AAA predicts close to pre-pandemic levels; SB Airport expects busy week
Thanksgiving travel is expected to significantly increase this year in comparison to the last two years, as society moves closer to a post-pandemic world.
As restrictions begin to lift, the world is beginning to find its way back to some kind of normalcy.
“This Thanksgiving’s travel is expected to be the second busiest Thanksgiving on record, almost reaching pre-pandemic levels,” Doug Shupe of the American Automobile Association told the News-Press.
The AAA spokesman said there is expected to be 4.4 million people travelling in Southern California this Thanksgiving, up 16% from 2020 and down only 3% from 2019.
Of those 4.4 million, 3.8 million will be traveling by automobile, which is up 9% from 2020 and down only 1% from 2019.
For those hitting the roads this week, Mr. Shupe recommends you leave as early as you can, but still drive when you are normally awake.
And avoid being on the road Tuesday and Wednesday afternoon, as traffic will be dense due to those travelling in or out of town, combined with afternoon rush hour, he said.
Mr. Shupe noted Santa Barbara and the Central Coast is the fifth most popular destination for Southern California this Thanksgiving, coming in just under San Diego, Las Vegas, the Grand Canyon and Yosemite.
For those traveling by plane, remember to pack your masks. They’re still required on all public transportation.
The Santa Barbara Airport is anticipating a busy week.
“The terminal long-term parking lot is already full, and it’s only Monday,” Deanna Zachrisson, the airport business development manager, told the News-Press. “So clearly, it’s going to be a busy week, and seemingly a lot of people are taking/getting the week off from work and school.”
AAA recommends you get to airports (such as Los Angeles International) two hours before a domestic flight and three hours before an international flight.
“There are still labor shortages, so remember to have patience and be kind,” Mr. Shupe said. “Everyone is working extremely hard to meet travel demands. Restaurants are not fully staffed and so are often closed or have longer lines in airports.
“Hospitality workers are doing the best they can, to meet the increase in demand. Due to labor shortages in the travel industry, go into it expecting delays. Help others have a nice holiday as well,” Mr. Shupe said.
Currently the average price of gas in Southern California is about $4.65 a gallon, according to AAA. This price is up 3 cents from a week ago, 17 cents from a month ago,and $1.45 from a year ago, Mr. Shupe said.
He explained California gas prices tend to be the highest in the nation, typically because of higher taxes and environmental fees.
For the driver with a mid-size sedan and an average 14-gallon tank, travelers are going to be paying about $20 more than they were a year ago to fill up, Mr. Shupe said.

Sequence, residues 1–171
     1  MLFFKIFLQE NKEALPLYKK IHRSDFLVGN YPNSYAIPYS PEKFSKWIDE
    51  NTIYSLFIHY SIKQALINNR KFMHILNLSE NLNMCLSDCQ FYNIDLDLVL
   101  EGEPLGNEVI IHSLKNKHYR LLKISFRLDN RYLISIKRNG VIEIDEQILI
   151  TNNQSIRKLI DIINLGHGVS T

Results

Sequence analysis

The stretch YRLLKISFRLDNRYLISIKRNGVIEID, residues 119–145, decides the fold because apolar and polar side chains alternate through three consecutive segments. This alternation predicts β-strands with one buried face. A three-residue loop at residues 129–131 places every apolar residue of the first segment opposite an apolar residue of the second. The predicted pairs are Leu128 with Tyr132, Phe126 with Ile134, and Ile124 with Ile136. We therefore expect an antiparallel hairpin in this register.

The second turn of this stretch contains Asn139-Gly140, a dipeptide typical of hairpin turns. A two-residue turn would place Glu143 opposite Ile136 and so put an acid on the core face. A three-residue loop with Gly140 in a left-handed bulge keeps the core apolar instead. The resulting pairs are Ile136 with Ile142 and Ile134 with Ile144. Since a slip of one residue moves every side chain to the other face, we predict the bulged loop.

Despite high gas prices, automobiles remain the No. 1 form of travel, as well as the most economical and convenient form of travel, he said.
“People tend to be more comfortable when they are in their own car with their own family,” Mr. Shupe told the News-Press.
“AAA does not expect high gas prices to deter holiday travel. Historically, we don’t see high gas prices as a deterrent to holiday travel, this tends to be because people tend to make their plans to travel long before they are aware of gas prices,” he said. “However, that being said, people may adjust their plans such as not driving as far, packing food rather than eating in restaurants, or staying with friends or family rather than in a hotel.”
Mr. Shupe advises travelers to check their vehicle before embarking on holiday travel: Check all your battery, fluids, belts and hoses; inspect the tires for tread and inflation.
He said tire pressure should be checked once a week, but no less than once a month and always before a long trip. When you fill up is a good time to check the pressure.
“Here at the auto club we always remind people of traffic safety,” said Mr. Shupe.
“Get at least seven hours of sleep,” he said. “Make sure everyone is buckled before leaving the driveway. Obey speed limits. We like to say ‘Don’t drive intoxicated, don’t drive intexticated.’ We want everyone to have a very safe holiday.
“AAA predicts approximately 52,000 calls for help in the Southern California region this Thanksgiving,” Mr. Shupe said. “The most common reasons for calls include: dead batteries, flat tires and (being) locked out of vehicles. Make sure you always know where your keys are.”
To view AAA’s map for COVID-19 restrictions, go to www.aaa.com/triptik. For more about the Santa Barbara Airport (including arrival and departure times), go to www.flysba.com.